I’m passionate about coaching women – financial advisors, coaches and consultants – because I thrive on empowering them to transform from feeling uncomfortable, apprehensive, or anxious about setting and discussing fees with clients into becoming confident and self-assured professionals. My tailored negotiation and sales programs are exclusively crafted to cater to the unique needs of women. Drawing upon my extensive two-decade-plus background in business and clinical expertise in the psychology of women and wealth, these programs provide women with a comprehensive toolkit of proven negotiation tactics that work and yield tangible results.

    Why Hiring a Financial Advisor is Crucial for Your Financial Future

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    Why Hiring a Financial Advisor is Crucial for Your Financial Future: Meet Our Vetted Female-Focused Professionals at Purse Strings

    Hiring a financial advisor is as crucial as consulting a skilled mechanic regarding your car. While some of us may tinker with our vehicles, if we make mistakes or break something, the consequences are often minimal and can be repaired. However, when it comes to managing your finances, getting it wrong from the start can have far-reaching, irreversible consequences. Unlike a car that can be fixed, time lost in financial planning and investments is almost impossible to recover. Such missteps can significantly impact your financial future.

    Just as an experienced mechanic knows the ins and outs of your vehicle and can diagnose issues accurately, financial advisors are experts in understanding the nuances of the financial world. They can help you make informed decisions, minimize risks, and design a financial strategy that aligns with your goals. Without their insights, you risk making costly mistakes that can set you back substantially, making it challenging to catch up and secure your financial well-being.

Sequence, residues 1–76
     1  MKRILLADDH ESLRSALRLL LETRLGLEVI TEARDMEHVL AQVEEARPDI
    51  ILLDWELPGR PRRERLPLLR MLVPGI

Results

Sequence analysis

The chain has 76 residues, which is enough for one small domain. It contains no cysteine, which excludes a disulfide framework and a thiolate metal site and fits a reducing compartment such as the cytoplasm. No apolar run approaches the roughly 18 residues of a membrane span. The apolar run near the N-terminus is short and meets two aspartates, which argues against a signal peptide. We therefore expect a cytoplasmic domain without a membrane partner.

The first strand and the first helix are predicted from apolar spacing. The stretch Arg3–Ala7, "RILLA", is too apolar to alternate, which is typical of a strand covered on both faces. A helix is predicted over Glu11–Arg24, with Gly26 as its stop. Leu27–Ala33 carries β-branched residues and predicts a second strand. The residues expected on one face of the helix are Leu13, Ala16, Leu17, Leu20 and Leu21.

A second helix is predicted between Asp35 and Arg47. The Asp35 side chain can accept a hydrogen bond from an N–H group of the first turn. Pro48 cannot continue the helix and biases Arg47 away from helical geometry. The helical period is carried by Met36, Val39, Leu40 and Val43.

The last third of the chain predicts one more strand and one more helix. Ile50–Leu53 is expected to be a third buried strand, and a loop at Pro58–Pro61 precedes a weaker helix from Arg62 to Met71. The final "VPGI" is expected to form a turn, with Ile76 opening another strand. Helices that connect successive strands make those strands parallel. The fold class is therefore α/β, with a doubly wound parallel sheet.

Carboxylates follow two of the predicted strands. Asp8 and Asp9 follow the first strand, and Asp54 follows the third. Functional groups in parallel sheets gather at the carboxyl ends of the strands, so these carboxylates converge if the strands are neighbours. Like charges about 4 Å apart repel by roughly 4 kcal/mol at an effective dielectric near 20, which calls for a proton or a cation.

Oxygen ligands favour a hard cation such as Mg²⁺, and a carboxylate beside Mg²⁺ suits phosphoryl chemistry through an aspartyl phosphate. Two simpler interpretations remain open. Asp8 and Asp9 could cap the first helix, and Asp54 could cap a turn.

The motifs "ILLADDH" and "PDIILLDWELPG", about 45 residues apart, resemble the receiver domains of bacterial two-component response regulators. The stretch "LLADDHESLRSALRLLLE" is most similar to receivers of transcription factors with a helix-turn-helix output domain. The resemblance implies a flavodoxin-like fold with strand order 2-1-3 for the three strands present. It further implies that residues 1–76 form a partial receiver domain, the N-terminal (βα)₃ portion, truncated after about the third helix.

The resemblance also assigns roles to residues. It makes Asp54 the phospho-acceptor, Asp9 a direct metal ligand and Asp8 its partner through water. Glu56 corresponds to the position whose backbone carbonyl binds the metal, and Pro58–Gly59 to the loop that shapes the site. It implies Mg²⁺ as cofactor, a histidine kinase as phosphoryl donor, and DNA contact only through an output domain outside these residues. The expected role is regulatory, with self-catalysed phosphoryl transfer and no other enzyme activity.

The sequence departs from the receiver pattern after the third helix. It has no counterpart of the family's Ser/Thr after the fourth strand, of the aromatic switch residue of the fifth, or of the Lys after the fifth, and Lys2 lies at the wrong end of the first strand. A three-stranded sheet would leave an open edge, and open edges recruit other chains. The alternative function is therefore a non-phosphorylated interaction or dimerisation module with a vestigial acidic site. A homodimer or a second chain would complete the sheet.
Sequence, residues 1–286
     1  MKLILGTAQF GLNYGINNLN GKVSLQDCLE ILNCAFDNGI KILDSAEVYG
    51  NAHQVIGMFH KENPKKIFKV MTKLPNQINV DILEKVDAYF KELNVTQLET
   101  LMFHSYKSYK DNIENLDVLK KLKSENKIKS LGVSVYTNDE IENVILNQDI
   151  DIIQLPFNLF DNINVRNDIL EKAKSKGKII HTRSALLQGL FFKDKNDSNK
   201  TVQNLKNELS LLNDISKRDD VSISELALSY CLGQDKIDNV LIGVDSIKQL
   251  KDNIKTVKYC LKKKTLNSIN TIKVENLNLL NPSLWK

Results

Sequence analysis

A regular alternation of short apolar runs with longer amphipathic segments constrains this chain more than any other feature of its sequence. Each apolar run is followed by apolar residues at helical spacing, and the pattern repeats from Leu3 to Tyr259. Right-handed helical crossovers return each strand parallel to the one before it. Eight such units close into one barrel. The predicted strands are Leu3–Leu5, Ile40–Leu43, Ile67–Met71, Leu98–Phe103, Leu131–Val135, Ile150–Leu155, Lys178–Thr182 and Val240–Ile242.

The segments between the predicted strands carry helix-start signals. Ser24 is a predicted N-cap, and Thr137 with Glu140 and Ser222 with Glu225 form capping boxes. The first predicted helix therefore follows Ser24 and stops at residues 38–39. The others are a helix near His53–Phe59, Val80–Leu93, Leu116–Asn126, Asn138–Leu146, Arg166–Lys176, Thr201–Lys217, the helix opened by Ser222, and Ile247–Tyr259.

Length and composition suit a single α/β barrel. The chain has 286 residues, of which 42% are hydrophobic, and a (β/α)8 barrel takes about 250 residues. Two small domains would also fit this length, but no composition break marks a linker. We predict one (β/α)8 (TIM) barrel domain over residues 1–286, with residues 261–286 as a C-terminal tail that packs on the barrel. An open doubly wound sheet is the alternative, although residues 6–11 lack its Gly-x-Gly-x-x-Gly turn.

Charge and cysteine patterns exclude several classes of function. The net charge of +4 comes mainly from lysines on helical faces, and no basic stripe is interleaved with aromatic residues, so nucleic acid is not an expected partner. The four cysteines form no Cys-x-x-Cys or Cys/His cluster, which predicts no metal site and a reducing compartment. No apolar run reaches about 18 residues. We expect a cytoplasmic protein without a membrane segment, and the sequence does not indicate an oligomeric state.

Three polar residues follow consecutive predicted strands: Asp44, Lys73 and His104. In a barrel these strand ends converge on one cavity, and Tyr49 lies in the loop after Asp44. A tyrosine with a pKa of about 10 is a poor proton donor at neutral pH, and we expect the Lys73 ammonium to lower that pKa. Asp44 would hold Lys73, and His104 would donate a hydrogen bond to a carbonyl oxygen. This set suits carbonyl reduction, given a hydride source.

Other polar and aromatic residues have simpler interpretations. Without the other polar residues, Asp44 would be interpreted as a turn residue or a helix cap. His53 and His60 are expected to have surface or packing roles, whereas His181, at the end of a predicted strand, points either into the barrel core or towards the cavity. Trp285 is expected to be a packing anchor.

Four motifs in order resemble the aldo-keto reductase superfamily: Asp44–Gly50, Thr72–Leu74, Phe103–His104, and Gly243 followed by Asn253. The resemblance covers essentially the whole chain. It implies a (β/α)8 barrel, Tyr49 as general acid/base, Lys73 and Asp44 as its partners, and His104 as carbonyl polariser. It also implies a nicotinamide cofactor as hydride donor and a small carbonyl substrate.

At Purse Strings, we do the heavy lifting for you. We look for financial professionals who focus on serving the female market. These are professionals who “get you.” They know what you’re up against and will be in your court to partner with you so that together you can create a beautiful financial future. No guilt. No shame. No embarrassing questions. We vetted them all and they are professionals we would refer to our own BFFs, our moms, and our female friends.

    Read over these intros, click on their names, and dig deeper into their Purse Strings profiles. They are ready to start working with you today!

    Erin Redmond

    Partner at Ford Financial Group

    Erin works in partnership with her mother, who is also a financial professional. Two powerhouses!! They have primarily focused on women and work diligently to make sure their female clients have peace of mind and ease the stress that comes with opening up about finances.

    Ashley Nichols

    Financial Planner at WestPac Wealth Partners

    Ashley always makes sure her clients have a thorough understanding of where they are today financially so she can assist them in creating a roadmap of where they want to go in the near future or long term. She and her team specialize in asset protection and tax planning/strategizing.

    Abbey Henderson

    CEO, Wealth Advisor, and Coach at Abaris Financial Group

    Abbey loves working with women because she feels women tend to be more relationship-oriented and relationship is her favorite part of being an advisor. She also finds that women are often her most engaged and collaborative clients.

    John Foley

    Certified Financial Planner at Baystate Financial. 

    John knows how some people think financial planning is intimidating. So, his goal for every client is to derive a feeling of ease. You could be the CFO of a business or a homemaker with no prior financial acumen, but John will treat you the same way. He will take the time to learn about your financial needs and concerns and help educate and empower you to make the right financial decisions.

    JoanN North

    Certified Financial Planner at J North Financial

    Joan is committed to helping her clients create a clear financial plan by listening to their concerns and goals, simplifying the complex financial environment, and minimizing risk where possible. The end result will be less stress with higher potential for you to reach your financial goals all while addressing your own unique circumstances.

    A financial professional is a team player to help you navigate your financial journey. Why not work with one of the best, fully vetted, female-focused and at the ready, to create a prosperous and smooth journey ahead. Come on, ladies – let’s be financially fearless.